Civil rights activists knew they were forcing people to choose sides. That was the point of nonviolent resistance: to expose their oppressors for the tyrants they were. And as Jonathan Smucker and other activist scholars have pointed out, they were deliberate in drawing more and more people to their side by working through churches and students groups to win over passive allies as active participants in their movement. Indeed, tapping into those other tribal identities — religious and generational—was critical to expanding their base of power.

The lesson of Dr. King’s success is not that conflict is bad or that tribalism can be overcome by rhetoric. It is that political victory is based on actively working with people to build power and, yes, choose sides.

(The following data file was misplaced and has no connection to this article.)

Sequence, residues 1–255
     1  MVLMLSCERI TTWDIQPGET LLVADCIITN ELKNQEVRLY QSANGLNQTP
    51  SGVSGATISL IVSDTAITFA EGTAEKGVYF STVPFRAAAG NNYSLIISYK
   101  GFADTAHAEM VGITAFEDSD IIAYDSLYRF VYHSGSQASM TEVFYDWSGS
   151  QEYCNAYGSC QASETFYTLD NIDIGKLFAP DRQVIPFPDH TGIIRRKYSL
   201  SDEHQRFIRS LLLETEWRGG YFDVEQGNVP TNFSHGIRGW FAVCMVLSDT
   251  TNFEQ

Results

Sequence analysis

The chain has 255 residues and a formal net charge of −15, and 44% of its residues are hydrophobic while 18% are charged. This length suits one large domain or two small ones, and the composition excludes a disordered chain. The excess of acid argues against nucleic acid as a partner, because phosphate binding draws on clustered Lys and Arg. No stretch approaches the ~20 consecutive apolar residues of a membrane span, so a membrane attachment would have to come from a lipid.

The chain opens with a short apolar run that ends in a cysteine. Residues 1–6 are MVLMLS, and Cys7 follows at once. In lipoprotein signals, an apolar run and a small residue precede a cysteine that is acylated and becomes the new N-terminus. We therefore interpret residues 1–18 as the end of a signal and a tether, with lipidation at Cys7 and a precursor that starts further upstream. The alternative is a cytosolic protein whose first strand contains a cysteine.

There is still room for cooperation and working across extreme divides in our politics, as there always will be. But that can often wait until the final stretches of negotiating a specific piece of legislation or hammering out a budget. Trans-partsian alliances can also work around the edges of contentious issues. But they can’t be a substitute for actual political debates.

Further, we shouldn’t mistake politics for only being the purview of people who are already involved in politics, who have entrenched themselves in a particular, party, cause or movement. Instead, the left, in particular, can build a politics that draws more people in who would otherwise be isolated or ignored. That makes one’s tribe more expansive and more powerful when it’s time to go to the negotiating table.

Conservative Criticism of Identity Politics Should Not Be Taken at Face Value